Tricia Karp Tricia Karp
21 September 2016

Let’s dump the notion of nice, easy, difficult and high maintenance

farting-nana-3My daughter is ten. She’s charming and funny and super creative and smart – in a she-sees-everything-that’s-happening-around-her way.

She can be so caring, sweet, kind and thoughtful.

She can be moody, highly strung, and dramatic with a capital D, and yelling and screaming on top, too. And fiery, strong and wilful.

It’s the latter that’s been in big supply and the former in short, of late.

My daughter is deeply sad and angry since her dad, from whom I’m divorced, moved interstate a year ago. She sees him during school holidays, which amounts to four weeks a year, tops. She’s pissed about that. Big time.

It’s been a rocky ride for her. And now we’ve moved in to a new house with my new partner.

Let’s just say that my daughter hasn’t exactly been an easy child since the day the top of her head nearly hit the bottom of the birth pool. She arrived in a hurry.

She knows who she is and what she wants (what a gift!) and will do what it takes to get it.

I honour all that. I truly do. I want her voice to be heard. I want her to stand up for her truth and speak it. I want her life to be an expression of her creativity and strengths and care and values.

Her school principal says she appreciates how direct she is, and mature. She’s spoken about a presence that my darling possesses that’s beyond her years.

Yes, yes and yes to that.

And, as I continue to navigate the complexities of a new living arrangement, between three people with three different surnames, and behaviour that matches those complexities and certainly isn’t nice, and is pushing my buttons big time and sometimes leaves me in tears when she’s not around, I hear myself say words like this: She’s high maintenance. She’s difficult. She needs to learn to manage her emotions.

I started to wonder if those words were even mine. As in, deep down truly my words. They felt heavy and cringe-worthy in a I-can’t-believe-I-just-said-that kind of way. I wondered whether I’d swallowed those cutting words long before I can remember and they seemingly became mine after years of conditioning about how women should behave to make everyone else’s life easier.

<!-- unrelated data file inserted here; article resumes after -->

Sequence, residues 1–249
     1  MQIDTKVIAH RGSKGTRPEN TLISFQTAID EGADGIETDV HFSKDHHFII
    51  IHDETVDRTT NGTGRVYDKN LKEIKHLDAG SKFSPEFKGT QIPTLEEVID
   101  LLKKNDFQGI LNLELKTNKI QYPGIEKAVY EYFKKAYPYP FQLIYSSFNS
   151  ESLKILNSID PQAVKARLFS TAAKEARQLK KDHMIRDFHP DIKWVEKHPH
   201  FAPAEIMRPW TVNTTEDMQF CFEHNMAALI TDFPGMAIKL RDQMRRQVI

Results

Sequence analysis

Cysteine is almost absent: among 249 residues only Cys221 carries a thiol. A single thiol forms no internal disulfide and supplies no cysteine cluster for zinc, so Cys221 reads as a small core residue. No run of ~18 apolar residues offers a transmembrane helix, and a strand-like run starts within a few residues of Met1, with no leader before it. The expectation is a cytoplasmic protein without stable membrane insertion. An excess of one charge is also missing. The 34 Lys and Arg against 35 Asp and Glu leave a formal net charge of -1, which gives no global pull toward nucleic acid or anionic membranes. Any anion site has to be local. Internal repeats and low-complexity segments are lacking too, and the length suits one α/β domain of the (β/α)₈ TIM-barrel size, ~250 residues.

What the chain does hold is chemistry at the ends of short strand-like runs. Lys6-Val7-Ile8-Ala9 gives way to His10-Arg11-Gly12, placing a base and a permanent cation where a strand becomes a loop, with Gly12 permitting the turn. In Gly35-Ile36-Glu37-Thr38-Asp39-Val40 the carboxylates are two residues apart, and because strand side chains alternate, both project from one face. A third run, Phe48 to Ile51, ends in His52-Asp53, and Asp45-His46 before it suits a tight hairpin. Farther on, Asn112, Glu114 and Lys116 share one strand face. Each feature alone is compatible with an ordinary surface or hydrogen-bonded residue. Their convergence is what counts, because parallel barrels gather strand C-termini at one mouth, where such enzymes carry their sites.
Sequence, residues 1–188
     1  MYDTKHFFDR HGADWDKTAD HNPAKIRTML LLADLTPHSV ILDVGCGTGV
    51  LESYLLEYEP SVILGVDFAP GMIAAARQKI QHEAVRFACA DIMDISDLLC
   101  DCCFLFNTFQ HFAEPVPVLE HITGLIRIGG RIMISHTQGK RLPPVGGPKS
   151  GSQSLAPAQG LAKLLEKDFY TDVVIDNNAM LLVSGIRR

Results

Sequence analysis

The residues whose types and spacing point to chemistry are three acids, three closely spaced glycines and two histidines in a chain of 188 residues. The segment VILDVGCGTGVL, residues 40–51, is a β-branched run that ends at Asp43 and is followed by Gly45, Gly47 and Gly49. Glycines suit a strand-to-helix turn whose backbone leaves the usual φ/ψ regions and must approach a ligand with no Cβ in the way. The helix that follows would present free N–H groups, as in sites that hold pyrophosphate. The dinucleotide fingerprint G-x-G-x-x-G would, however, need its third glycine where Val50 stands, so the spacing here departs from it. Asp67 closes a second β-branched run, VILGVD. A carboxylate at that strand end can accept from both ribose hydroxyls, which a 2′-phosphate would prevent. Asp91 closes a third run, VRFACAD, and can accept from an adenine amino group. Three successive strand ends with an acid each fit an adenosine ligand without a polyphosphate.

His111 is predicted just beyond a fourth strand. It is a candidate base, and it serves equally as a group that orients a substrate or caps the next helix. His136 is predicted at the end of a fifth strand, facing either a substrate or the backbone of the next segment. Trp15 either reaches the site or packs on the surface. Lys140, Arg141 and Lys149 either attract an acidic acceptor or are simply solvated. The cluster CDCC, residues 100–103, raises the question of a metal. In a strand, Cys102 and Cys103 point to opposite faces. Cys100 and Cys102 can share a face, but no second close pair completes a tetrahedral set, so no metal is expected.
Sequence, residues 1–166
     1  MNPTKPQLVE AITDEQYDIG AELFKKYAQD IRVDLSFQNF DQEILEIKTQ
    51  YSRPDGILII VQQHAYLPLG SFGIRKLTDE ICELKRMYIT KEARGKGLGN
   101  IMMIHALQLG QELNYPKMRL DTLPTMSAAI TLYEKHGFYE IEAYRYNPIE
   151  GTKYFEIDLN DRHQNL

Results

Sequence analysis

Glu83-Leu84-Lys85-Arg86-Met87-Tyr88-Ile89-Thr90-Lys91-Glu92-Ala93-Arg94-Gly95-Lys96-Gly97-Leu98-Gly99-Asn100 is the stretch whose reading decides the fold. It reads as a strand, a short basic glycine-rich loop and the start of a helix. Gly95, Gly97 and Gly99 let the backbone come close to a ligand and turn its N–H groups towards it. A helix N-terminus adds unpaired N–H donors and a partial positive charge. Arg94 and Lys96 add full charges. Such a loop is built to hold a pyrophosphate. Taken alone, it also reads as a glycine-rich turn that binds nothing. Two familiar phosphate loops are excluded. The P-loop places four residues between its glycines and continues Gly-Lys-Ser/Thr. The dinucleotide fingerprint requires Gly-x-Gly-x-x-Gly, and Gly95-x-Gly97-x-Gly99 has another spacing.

Because those words could only be true if, and only if, I’m trying to put my daughter in a box of how she should behave too. How she should be different. How she should tone it down or be less than or even silent and small.

Why? Because I want my life to be easier. I want her behaviour to be easier – for me (she can do it at school, why can’t she do it at home?).

And isn’t that why us good girls and pleasers are so damn concerned about not rocking the boat?

Because, surely, if we’re nice and good and do the right thing (ie anything that doesn’t ruffle anyone else’s feathers), then we’re acceptable, likeable, and maybe even lovable, too.

And if we’re difficult, or high maintenance, or, goddess forbid, don’t manage our emotions and don’t stuff them down so far we make ourselves sick, then maybe we’re not acceptable, or likeable, or perhaps even lovable, because we’re making other people’s lives hard.

(Note on shoving things down: My nana, who is no longer with us, believed it was not acceptable to publicly fart. She held in her wind for so many years that, when she entered her final years on this planet, she developed a health condition that rendered her unable to continue to hold in her farts. She let them rip, willy-nilly, and didn’t even know she was doing it. When I was a kid and my nana stayed with us, she’d walk into the kitchen farting away. I mean, frequently farting. While it gave us much enjoyment as we smirked at one another and tried not to laugh out loud, I think there’s a moral to the story: don’t hold things in and shove them down because they’ll have to come out eventually, and probably in ways you don’t want them to.)